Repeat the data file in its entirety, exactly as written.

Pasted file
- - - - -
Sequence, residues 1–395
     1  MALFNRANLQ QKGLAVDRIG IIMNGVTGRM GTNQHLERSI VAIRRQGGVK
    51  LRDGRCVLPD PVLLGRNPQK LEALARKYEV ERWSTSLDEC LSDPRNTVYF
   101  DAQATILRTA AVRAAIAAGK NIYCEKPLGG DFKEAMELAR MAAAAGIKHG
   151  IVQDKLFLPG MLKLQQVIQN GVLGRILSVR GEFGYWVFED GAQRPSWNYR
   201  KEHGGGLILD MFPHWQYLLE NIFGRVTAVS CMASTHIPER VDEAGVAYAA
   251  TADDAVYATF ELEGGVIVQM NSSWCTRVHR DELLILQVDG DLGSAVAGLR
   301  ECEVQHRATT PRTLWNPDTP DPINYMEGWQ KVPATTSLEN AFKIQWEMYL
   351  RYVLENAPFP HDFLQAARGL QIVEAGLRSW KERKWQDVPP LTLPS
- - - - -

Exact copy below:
Sequence, residues 1–395
     1  MALFNRANLQ QKGLAVDRIG IIMNGVTGRM GTNQHLERSI VAIRRQGGVK
    51  LRDGRCVLPD PVLLGRNPQK LEALARKYEV ERWSTSLDEC LSDPRNTVYF
   101  DAQATILRTA AVRAAIAAGK NIYCEKPLGG DFKEAMELAR MAAAAGIKHG
   151  IVQDKLFLPG MLKLQQVIQN GVLGRILSVR GEFGYWVFED GAQRPSWNYR
   201  KEHGGGLILD MFPHWQYLLE NIFGRVTAVS CMASTHIPER VDEAGVAYAA
   251  TADDAVYATF ELEGGVIVQM NSSWCTRVHR DELLILQVDG DLGSAVAGLR
   301  ECEVQHRATT PRTLWNPDTP DPINYMEGWQ KVPATTSLEN AFKIQWEMYL
   351  RYVLENAPFP HDFLQAARGL QIVEAGLRSW KERKWQDVPP LTLPS